I know that Bill 22 is an attack on collective bargaining, on union functions, and on education. I know Bill 78 is an attack on constitutional rights of protest and assembly. I know the G20 protest policing was grossly wrong. I know Harper is using the budget to re-engineer this nation's political and social culture with massive changes "under the radar." And so do the media writers and journalists, and the people who read them and talk about it.

But.... There is more to life than politics, as so many working and middle class people will tell me. Job, family, health, recreation, sport, and friendships are not less interesting than politics.

The meaning of politicians' "agendas" is not something a majority of people care to decode or spend time thinking about. Stephen Harper is a new kind of conservative in Canada, but not so outrageous as to mobilize street actions by tens of thousands of Canadians across the land in all major cities.

At election time, there will be immensely well-planned strategy by each major leader to "control the message" and "frame the ballot question"  --- and these strategies will or will not work at that time. But for certain, what is happening today, years before the election, will not loom large in the electorate's mind then.

Abstract issues of "values" or "vision" will not be decisive to make people vote for or against Harper. Many will not vote, perhaps as many as 48% will not, because the effort to understand politics is arduous, or because a person feels they live life in ways that politics do not make an impact on them. I feel differently. My good friends feel differently. We are interested and we read and hear and analyse news on a pretty regular basis.

So --- the events in Quebec, the tactics of Harper in his budget, the intent of the BC Liberals towards teachers, and Ontario's policing record in 2011, just do not matter to many, many Canadians. Democracy is having a vote, right? We have elections, so things are fine.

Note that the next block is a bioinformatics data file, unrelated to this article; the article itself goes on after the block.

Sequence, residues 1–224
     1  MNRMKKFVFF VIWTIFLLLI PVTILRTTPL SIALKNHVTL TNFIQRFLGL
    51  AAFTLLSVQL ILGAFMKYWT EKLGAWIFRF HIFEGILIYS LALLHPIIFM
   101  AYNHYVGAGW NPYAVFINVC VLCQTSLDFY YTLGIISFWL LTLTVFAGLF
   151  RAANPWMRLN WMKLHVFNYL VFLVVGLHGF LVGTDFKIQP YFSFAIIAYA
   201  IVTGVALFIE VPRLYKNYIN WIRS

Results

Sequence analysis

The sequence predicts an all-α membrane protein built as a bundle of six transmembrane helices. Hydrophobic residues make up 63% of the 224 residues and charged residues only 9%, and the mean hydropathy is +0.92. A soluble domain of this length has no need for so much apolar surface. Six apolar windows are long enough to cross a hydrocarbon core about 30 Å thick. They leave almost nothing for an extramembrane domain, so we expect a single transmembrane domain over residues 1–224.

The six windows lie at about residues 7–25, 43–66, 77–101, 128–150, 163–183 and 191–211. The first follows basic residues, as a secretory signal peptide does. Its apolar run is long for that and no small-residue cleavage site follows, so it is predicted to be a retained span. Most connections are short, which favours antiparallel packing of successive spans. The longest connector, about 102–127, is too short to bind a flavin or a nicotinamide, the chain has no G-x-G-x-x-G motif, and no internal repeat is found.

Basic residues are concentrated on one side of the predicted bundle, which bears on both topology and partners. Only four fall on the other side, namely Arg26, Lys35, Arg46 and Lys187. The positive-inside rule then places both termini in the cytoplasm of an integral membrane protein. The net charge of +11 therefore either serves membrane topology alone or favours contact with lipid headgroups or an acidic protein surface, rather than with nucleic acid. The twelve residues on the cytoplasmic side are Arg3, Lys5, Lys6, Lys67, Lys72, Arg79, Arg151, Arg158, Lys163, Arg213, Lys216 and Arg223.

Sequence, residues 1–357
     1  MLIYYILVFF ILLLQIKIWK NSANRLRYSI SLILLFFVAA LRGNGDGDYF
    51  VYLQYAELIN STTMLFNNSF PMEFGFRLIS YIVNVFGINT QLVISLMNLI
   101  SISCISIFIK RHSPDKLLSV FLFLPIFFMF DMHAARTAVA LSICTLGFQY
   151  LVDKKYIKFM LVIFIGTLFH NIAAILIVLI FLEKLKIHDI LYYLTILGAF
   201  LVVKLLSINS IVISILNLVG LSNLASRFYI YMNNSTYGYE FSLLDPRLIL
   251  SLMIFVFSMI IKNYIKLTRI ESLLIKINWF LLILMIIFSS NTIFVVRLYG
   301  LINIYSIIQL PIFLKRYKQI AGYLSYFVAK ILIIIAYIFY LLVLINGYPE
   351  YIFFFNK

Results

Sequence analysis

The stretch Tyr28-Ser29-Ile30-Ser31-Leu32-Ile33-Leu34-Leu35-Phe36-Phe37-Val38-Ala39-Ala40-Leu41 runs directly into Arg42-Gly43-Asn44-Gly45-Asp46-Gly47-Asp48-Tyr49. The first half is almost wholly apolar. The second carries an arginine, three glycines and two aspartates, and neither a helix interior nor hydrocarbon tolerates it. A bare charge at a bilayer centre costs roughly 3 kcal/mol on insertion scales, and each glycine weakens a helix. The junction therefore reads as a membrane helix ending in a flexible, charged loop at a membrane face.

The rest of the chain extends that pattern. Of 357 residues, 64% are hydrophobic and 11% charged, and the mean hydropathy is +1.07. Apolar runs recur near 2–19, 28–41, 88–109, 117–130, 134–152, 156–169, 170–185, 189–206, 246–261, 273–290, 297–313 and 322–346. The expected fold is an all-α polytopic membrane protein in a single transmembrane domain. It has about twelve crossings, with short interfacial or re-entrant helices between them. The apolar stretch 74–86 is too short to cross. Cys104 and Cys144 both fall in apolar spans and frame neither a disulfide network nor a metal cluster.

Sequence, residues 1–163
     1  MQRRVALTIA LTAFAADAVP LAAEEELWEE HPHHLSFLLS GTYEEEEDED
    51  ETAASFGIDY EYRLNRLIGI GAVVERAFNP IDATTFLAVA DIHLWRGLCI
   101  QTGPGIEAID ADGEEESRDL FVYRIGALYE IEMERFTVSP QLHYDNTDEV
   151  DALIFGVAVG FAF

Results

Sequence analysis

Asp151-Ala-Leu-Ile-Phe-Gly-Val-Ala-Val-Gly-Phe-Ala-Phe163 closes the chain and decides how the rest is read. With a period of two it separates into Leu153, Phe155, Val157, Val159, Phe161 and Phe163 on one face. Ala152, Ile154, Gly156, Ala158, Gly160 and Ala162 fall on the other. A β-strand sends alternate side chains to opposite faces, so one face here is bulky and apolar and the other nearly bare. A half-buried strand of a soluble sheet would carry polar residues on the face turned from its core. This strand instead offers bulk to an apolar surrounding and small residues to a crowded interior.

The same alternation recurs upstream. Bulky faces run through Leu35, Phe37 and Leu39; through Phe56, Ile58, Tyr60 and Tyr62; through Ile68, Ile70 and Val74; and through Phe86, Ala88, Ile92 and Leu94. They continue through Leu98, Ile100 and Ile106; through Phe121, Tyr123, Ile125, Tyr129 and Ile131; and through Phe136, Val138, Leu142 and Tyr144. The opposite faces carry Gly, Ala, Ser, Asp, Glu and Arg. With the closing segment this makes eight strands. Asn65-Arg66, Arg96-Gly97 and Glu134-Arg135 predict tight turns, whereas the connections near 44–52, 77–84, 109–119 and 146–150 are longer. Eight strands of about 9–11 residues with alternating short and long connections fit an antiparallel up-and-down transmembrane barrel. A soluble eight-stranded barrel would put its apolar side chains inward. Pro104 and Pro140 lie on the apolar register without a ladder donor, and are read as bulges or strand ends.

Opposition parties will try to make them matter at election time. The federal Liberals last year tried to make us care about Harper being found in contempt of Parliament, and we gave him a majority. Abstract notions of democracy matter less than a job, a sense of security, a feeling that Canada is a haven of peace and prosperity in a very dangerous and troubled world. 

Obama mobilized tens of millions of Americans to his hope and change message four years ago. He won, and people in the bottom half of society rejoiced, and many affluent liberals too. But politics is more than the election campaign, and he soon had to compromise his best intentions because the massive support he needed in the streets to back up his big changes -- close Guantanamo, regulate Wall St., give public-option health insurance -- was not there. People cannot be politically mobilized daily.

Occupy is another movement that dissipates energy fighting an entire system of economics, politics and law by trying to make it simply a fight against one percent, when it is far from that simple.

Quebec will come through this present crisis without a revolution, just as France in 1968 overcame its student revolt. The forces of law, order, property and corporate norms, will prevail. The culture is on their side.Canada will be altered by Harper's incremental conservatism, not because he conspires with banks, and manipulates us, but because he understands Canadians are willing to go along that path with him.

"People get the government they deserve." Or, as Nelson new age speak would say, "We manifest this reality. Harper is us."

Charles Jeanes